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Early in August 1808 a shadow came over the settlement of Cambray in the sudden death of Emily Porter, a sprightly little girl of 2 years, and daughter of Isreal Porter. She had been out during the day with some other children gathering peas; and it is believed ate a quantity of the half-ripened kernels, which swelled in the stomach causing her death. This occasion led to the selection of the first burying ground, which was in the area of the present Presbyterian Church in a hemlock grove. Here Emily Porter was laid to rest in a pine coffin.

This first cemetery was ceded to the inhabitants of Cambray by Gouverneur Morris and consisted of two acres bounded by the Oswegatchie River and roughly by what are now John, William, and Church streets. In 1857 it became apparent a new and larger cemetery was necessary.

After looking over the various lots offered for sale, a committee settled upon the former Pardon Babcock farm, which had become the property of Harvey D. Smith. It lay southwest of the village on the banks of the Oswegatchie.

Thirty acres of this farm were purchased at a cost of $1500.00 and "one burying plot" from Mr. and Mrs. Smith by the Gouverneur Cemetery Association, which had been organized on June 23, 1857 B.F. Hathaway of Brookline, N Y. was employed to layout and grade the new ground. More than 600 lots were prepared for use with miles of walks and avenues - trees were planted and everything to make the cemetery attractive was done. The first burial was that of Joseph B. Smith August 25, 1857 (19 B31) By 1860 records indicate 11 acres had been added and in 1866 there is an entry in the minutes of the annual meeting noting $800 spent that year for land.

By 1860 the public mind became reconciled to transferring the dead from the old burying ground. The most picturesque portion of the new cemetery was selected for this purpose, boxes were provided, and the whole accomplished in two weeks at the expense of the corporation. In all, 637 removals were made under the direction of Thomas Thayer. Emily Porter was relocated to her family plot. (9 H75) Many of the removals were from unmarked graves.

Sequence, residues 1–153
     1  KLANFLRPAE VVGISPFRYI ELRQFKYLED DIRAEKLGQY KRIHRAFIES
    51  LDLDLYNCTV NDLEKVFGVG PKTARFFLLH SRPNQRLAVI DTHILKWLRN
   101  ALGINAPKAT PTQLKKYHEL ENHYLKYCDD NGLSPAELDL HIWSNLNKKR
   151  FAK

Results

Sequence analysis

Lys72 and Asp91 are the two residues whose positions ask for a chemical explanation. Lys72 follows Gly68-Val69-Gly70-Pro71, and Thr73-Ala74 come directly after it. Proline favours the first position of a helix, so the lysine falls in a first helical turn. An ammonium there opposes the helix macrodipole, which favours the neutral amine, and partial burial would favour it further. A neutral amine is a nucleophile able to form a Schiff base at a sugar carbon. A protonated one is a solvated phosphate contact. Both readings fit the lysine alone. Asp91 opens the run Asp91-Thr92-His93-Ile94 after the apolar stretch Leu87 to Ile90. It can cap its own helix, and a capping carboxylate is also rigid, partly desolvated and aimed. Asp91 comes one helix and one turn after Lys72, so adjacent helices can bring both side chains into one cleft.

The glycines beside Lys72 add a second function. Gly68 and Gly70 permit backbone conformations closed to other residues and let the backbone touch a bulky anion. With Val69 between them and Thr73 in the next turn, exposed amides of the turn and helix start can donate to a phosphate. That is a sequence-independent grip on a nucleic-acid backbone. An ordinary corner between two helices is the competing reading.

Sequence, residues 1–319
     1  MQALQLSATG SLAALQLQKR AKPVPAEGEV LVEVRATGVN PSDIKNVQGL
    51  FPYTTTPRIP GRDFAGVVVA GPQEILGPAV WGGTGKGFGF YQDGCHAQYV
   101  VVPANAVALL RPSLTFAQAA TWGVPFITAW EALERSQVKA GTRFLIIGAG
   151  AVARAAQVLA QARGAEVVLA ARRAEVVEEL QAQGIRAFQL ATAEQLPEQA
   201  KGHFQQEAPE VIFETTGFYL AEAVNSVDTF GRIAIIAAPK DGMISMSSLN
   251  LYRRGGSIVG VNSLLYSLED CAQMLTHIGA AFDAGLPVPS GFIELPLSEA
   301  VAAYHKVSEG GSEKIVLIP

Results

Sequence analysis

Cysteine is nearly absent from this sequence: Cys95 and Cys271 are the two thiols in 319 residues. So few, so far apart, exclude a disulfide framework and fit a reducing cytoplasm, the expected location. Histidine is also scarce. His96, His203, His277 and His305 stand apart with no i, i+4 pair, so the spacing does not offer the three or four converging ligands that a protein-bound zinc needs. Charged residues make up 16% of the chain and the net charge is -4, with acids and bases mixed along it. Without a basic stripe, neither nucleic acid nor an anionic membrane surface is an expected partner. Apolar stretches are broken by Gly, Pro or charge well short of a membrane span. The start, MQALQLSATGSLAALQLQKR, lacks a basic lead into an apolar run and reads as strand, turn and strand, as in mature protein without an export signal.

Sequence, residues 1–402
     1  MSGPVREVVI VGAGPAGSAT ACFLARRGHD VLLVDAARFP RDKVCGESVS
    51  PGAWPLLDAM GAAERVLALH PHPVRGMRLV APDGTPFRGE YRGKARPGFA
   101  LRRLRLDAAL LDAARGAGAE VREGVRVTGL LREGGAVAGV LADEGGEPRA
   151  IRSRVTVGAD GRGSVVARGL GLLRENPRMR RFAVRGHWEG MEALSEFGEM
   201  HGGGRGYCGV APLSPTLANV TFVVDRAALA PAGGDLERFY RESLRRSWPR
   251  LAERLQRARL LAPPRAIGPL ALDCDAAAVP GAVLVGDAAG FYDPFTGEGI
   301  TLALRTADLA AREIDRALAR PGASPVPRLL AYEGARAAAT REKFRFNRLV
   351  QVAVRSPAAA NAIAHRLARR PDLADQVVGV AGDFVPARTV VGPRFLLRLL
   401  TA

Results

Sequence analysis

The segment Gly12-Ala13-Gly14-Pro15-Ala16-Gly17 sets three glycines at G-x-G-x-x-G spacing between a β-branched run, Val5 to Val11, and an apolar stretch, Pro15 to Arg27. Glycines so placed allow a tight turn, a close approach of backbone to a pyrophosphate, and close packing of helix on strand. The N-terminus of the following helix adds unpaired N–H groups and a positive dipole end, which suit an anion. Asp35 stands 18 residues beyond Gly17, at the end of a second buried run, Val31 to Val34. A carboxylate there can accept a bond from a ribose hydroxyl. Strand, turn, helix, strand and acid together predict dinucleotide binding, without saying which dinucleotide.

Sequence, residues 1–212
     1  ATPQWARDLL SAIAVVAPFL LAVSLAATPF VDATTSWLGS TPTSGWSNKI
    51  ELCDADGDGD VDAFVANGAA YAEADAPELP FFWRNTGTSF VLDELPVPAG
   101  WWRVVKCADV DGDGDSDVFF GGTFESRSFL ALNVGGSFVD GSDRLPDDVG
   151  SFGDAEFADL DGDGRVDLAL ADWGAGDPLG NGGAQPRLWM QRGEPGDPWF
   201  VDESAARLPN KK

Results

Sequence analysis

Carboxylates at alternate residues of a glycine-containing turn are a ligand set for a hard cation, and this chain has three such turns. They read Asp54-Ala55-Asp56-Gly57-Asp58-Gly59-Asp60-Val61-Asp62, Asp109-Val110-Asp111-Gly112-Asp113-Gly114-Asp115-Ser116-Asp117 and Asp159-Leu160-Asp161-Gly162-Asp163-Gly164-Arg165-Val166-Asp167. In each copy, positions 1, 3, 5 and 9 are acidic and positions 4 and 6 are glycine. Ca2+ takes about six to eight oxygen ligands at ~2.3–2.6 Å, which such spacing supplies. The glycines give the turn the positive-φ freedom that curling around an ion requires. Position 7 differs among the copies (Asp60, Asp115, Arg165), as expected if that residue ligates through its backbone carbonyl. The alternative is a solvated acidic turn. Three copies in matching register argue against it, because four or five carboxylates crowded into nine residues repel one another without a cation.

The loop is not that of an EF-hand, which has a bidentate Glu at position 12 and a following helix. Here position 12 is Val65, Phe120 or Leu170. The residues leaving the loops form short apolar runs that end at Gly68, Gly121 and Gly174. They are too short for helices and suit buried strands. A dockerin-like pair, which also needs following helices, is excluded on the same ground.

The new cemetery adopted the name Riverside at a meeting of the association held April 14, 1858, and the dedication ceremonies took place Sunday, June 23 that year.

In the year 1954 it became apparent to the officers and trustees that more ground was a necessity. All 1676 saleable lots in Riverside had been purchased, and using a figure of 3 burials per lot (actually probably more) it can be said that the population of Riverside is greater than that of the village.

A site on the east bank of the Oswegatchie was finally selected which consisted of 10 acres purchased for $3500 and a perpetual option was granted for up to 30 more acres. This addition is designated as East Riverside and should serve the area for many years.

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